Does the decline of gender within literary studies matter?

Does the decline of gender within literary studies matter?

A little while back I posted on the unmoving ratio between male/female pronouns in a data set of ~60,000 articles in literary studies. The ratio has been stable at about 2:1 since the mid-1990s. While pronouns do not tell us everything we need to know about the distribution of gender in research, for a field that is highly people-centric they certainly tell us a lot.

Since then I’ve been working with more models to understand how gender has played out as a category of research in the past half-century. The figure below shows the rise and fall of the “gender studies topic”, which was derived using LDA with 60 topics. As I mention elsewhere, it is one of the most stable topics across multiple runs and multiple topic-size parameters.

I have a bunch of further tests that help show how this decline isn’t really diffusion — the idea that gender just gets so normalized in the field it no longer holds together as a distinctive “topic.” But what I wanted to show today was another insight that I discovered when I was concerned that my data stops in 2010. Maybe, I asked myself, maybe things tick back up. Maybe this decline is just temporary.

Or maybe not. As far as I can tell with a smaller sample we put together of nine major journals (see list below), things look exactly as we would expect, which is to say, worse.

What you see here are the frequencies of the top 10 words from the gender studies topic (see word list below) as they appear in our mini-sample of nine journals since 1990. The JSTOR data cuts-off in 2010 and we scraped just one year in 2016 for comparison, which is why there is a gap between 2010 and 2016. Given the trend, and assuming it’s linear, we would estimate that the rate of these words combined frequency should be about 0.0022 in 2016 (where the red line ends). That would be down more than 60% from the mid-90s peak.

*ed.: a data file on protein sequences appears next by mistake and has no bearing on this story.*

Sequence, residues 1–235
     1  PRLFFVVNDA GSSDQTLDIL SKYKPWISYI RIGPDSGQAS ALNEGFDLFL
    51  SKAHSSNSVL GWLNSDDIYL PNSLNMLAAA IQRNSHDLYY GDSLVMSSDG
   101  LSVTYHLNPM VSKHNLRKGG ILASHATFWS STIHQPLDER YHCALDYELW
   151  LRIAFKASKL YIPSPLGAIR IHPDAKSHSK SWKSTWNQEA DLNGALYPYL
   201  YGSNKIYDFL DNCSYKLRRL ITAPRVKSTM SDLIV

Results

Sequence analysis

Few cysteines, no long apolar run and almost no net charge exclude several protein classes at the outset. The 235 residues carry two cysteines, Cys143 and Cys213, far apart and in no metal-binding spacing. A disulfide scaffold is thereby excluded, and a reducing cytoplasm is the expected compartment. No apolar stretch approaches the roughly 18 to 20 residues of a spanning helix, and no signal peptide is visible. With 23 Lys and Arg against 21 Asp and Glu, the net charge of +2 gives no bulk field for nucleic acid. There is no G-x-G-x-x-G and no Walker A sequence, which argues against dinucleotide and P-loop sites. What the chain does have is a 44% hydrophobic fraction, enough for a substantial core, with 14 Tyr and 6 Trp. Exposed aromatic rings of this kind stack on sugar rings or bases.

What we actually see is the blue dot, a rate of 0.0020, or just about what we expected.

I have to say this completely surprised me. That the rate of talking about gender would be predictably linear over the past six or even 25 years is a little creepy. It’s not quite as neat as colons in titles, but still.

Of course, this is just nine journals and one year. You would see differences if you sampled differently or took a five-year average. But even if you adjust these words’ level of occurrence — even if you double them — the rate would still be strikingly low compared to its pre-2000 highs. Or maybe this set of words is just not cutting it. Maybe it’s a bad set. And yet it isn’t clear to me how you would talk about gender without gendered language so I’m not sure how else you might model this.

In other words, it seems to be the case that in a sample of mainstream journals we in literary studies are talking about gender in less explicit ways than we did in the past and that this trend has continued in a very predictable way. Some might say it’s high time to give up on the explicit study of gender. Let’s just talk about literature and give up on questions of identity.

But as we saw with the pronoun data, when we give up on talking about gender, we just leave inequality in place.

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Here is a list of the journals we used for this test:

sub.sample<-c(“Studies in Romanticism”, “Studies in the Novel”, “PMLA”,
“New Literary History”, “MLN”, “The Modern Language Journal”,
“The Modern Language Review”,”ELH”, “Critical Inquiry”)

Here is a list of the topic gender studies topic words:

w<-c(“women”, “female”, “woman”, “male”, “womens”, “men”, “gender”, “feminist”, “sexual”, “sex”)



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